This point system isn't for show, though. Earning enough points will net you one of 3 possible medals: Bronze, Silver and Gold. Earning a Bronze medal will increase your maximum health or your combo meter (presumably so it doesn't slow down as quickly) while earning Silver or Gold will unlock new characters in singleplayer and multiplayer modes as well as concept art, animatics, videos, etc. The game also rewards you for being skilled enough to beat levels in a single combo chain (i.e. by never letting your combo meter reach zero) with extra levels as well as infinite ammo for certain weapons. These bonuses prove to be a worthy reason to replay the game.

As Ram, you get a variety of weapons in your quest to avenge your father. Starting out with a pistol with unlimited ammo, you will move your way up to Winchester rifles, shotguns, AK-47s, MAC-10s and rocket launchers. Each of them both have their ups and downs, as you would expect. Shotguns and pistols are relegated to close quarters while the unwieldly hunting rifles are best suited for long range, leaving the automatic weapons as the middle ground with decent firepower and range. Along with these weapons, Ram also has "Loco Moves", which are special move icons dropped by enemies that Ram can use. These include "Gatling Gonzalez", where Ram can spawn a broad-shouldered, sombrero wearing gunslinger with twin Gatling guns to help him take down nearby enemies; "Tornado", where Ram will spin in the air with MAC-10s blazing Chow Yun Fat style, killing all enemies in his vicinity; to "Pinata", where Ram will launch an exploding pinata at enemies; or "El Toro", where Ram will act like a bull, being able to plow anybody in his path. An exclusive powerup, appropriately called "Overdrive", grants Ram the ability to akimbo wield any weapon in the game (except the rocket launcher and handheld explosives), allowing him to target multiple enemies at the same time, effectively doubling his firepower.

All of this action is handled pretty well by the game's camera and smooth controls. While I found the default button layout to be difficult and quirky (the use of the Square button to shoot and Circle button to control the camera played hell with my fingers) but the alternate layout (which relied on the shoulder triggers for these actions) I found much better. Ram is controlled by the analog nub, and the game mostly simplifies targetting enemies with its auto-aim, although sometimes it's unable to target enemies above or below you. Loco Moves are activated with Triangle, and acrobatic moves with X. The game has one button exclusively used for targeting heads (with a timing minigame that adds some skill to making headshots) and one button for targeting destructible objects such as furniture, explosive barrels and chickens. The directional arrows are used to switch weapons. This setup works fairly well, although you are forced to stand still in order to aim at enemies that are hard to target (either elevated up high or down below, or boss enemies), leaving you open to a lot of gunfire. The use of the X button as the action button also disrupts the gameplay. Nothing like wanting to leap into an enemy's face and shoot him full of lead and then accidentally leaping onto a zipline because you stood just a wee bit too close. Climbing ladders also proves to be something of a frustration since the camera gets thrown out of whack when you do so. This game also throws in some jumping puzzles, making it apparent how terrible jumping is in this game. The only way you can jump is by diving. Normal jumping is not possible, since while you gain height, you can't move forward because when you do, you initiate a dive. Ram can alternatively climb over environmental objects by pushing him into them, but there's no indicator of what he can and cannot climb - you have to test it out by making him run into the object for several seconds.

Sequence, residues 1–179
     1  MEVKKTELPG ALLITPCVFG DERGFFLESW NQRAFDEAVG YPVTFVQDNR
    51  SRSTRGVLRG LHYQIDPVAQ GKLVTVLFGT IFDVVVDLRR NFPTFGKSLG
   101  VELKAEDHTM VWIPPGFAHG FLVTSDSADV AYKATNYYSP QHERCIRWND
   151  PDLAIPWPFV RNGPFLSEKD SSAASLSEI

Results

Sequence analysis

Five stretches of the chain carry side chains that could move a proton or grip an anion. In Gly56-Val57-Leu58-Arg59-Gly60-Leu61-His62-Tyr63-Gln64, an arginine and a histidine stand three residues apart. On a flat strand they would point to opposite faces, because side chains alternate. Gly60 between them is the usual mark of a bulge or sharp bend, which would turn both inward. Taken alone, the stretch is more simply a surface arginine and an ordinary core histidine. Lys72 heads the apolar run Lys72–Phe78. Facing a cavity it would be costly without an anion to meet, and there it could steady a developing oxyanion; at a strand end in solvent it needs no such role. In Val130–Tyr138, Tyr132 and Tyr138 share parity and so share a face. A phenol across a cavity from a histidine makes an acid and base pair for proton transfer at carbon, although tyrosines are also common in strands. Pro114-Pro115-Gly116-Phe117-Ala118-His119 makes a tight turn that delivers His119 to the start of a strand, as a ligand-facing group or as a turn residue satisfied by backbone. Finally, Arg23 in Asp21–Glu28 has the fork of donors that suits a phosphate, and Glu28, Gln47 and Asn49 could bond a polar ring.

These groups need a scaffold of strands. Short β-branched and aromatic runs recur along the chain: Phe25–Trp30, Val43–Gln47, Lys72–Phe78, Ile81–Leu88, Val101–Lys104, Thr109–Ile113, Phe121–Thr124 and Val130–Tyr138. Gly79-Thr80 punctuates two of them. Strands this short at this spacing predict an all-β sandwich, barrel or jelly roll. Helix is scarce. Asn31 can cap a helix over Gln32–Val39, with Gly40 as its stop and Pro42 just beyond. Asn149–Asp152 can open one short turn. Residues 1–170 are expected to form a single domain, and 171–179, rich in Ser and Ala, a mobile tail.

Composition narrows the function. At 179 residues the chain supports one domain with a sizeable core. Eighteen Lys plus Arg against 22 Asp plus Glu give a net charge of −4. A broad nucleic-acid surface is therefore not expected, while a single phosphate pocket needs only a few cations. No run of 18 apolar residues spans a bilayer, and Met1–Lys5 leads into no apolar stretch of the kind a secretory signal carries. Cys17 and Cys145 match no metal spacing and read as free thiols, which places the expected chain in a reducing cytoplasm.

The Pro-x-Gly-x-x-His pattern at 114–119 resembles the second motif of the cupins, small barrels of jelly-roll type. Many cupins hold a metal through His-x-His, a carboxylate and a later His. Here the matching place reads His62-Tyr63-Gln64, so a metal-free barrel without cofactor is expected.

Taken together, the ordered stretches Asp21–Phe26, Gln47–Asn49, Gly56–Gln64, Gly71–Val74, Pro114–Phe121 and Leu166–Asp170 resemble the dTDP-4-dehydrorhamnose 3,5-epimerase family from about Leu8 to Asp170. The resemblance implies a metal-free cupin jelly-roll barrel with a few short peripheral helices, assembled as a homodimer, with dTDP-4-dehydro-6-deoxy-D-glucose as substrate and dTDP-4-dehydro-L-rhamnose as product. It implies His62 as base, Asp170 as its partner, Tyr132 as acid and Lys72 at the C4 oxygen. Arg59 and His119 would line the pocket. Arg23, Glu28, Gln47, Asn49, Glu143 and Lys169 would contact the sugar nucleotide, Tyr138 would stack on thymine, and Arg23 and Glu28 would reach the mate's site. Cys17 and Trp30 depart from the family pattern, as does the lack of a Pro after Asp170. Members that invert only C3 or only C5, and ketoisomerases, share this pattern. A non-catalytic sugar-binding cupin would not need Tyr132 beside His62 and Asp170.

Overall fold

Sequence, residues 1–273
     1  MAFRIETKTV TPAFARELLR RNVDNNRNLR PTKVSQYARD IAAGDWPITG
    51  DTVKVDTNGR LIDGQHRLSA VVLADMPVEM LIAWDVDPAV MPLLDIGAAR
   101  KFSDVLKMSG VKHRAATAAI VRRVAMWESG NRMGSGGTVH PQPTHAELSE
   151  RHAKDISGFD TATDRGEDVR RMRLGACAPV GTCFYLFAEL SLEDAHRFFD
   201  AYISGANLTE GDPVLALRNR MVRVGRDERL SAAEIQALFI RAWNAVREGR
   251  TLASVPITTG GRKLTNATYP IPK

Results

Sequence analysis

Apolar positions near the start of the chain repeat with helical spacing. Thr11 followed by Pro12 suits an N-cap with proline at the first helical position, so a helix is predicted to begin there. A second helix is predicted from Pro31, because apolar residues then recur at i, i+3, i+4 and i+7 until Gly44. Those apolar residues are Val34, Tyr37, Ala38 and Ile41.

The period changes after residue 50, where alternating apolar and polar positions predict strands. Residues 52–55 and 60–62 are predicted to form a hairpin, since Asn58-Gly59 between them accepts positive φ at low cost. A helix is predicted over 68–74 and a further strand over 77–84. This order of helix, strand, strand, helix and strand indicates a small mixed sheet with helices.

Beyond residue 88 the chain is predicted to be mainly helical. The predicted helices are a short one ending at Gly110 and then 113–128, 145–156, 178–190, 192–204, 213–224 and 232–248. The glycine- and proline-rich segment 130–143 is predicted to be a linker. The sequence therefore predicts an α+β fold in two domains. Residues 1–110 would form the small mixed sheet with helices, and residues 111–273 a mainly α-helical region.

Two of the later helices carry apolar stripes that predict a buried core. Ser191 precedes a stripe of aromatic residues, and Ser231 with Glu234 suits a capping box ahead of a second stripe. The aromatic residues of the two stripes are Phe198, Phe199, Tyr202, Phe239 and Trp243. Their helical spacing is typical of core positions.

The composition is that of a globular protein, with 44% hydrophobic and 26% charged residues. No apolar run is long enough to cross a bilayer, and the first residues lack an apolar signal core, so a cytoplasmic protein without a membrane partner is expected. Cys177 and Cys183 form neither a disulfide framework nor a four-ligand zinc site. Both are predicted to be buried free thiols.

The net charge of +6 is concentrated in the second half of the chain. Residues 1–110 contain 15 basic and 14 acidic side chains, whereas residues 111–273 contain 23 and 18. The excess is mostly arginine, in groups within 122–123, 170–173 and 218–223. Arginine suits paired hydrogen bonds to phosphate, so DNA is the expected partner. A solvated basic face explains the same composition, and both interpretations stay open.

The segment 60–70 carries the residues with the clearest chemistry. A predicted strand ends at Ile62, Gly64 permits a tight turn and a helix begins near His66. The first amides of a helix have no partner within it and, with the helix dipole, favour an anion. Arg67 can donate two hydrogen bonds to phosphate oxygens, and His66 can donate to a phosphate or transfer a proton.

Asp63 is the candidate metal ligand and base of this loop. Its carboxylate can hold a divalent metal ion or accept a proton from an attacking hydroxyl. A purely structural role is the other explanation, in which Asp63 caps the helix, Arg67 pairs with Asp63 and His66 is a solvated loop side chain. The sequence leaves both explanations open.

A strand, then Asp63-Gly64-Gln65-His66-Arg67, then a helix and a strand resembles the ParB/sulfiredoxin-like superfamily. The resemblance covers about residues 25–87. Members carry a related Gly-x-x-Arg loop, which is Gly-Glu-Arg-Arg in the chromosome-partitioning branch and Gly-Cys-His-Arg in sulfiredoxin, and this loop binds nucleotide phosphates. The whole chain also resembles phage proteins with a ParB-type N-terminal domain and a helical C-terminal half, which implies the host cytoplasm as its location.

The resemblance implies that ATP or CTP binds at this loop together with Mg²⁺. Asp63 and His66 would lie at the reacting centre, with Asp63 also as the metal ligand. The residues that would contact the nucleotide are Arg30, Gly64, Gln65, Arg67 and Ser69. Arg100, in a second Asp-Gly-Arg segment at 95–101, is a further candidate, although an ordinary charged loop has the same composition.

The game also features vehicles, which are ostensibly leftovers from Total Overdose. These include sedans, pick up trucks, bulldozers and tractors. You can drive these vehicles, lean out to shoot from them or leap from them. The vehicles all control fairly horribly. The game lets you customize the on-foot controls but not the vehicle ones, and the vehicles are controlled almost exclusively by the analog nub. The game designers also had the brilliance have different buttons for getting into and out of vehicles. Thankfully, vehicles aren't a significant part of the game.

To accompany the regular on-foot shooting action, the game also features a few rail-shooting segments. You can hang and slide from ropes and ziplines while firing upon enemies, and a few times you will be riding shotgun while protecting a vehicle. One level is almost exclusively riding in the back of a truck manning a .50 cal machine-gun while fighting off swarms of enemies, and another has you hanging off the skids of a helicopter fighting off enemies armed with rocket launchers attempting to shoot you down. The nub sensitivity is way off the charts, making it a chore to pin down enemies during these sections, but the game also has auto-aim during these sections.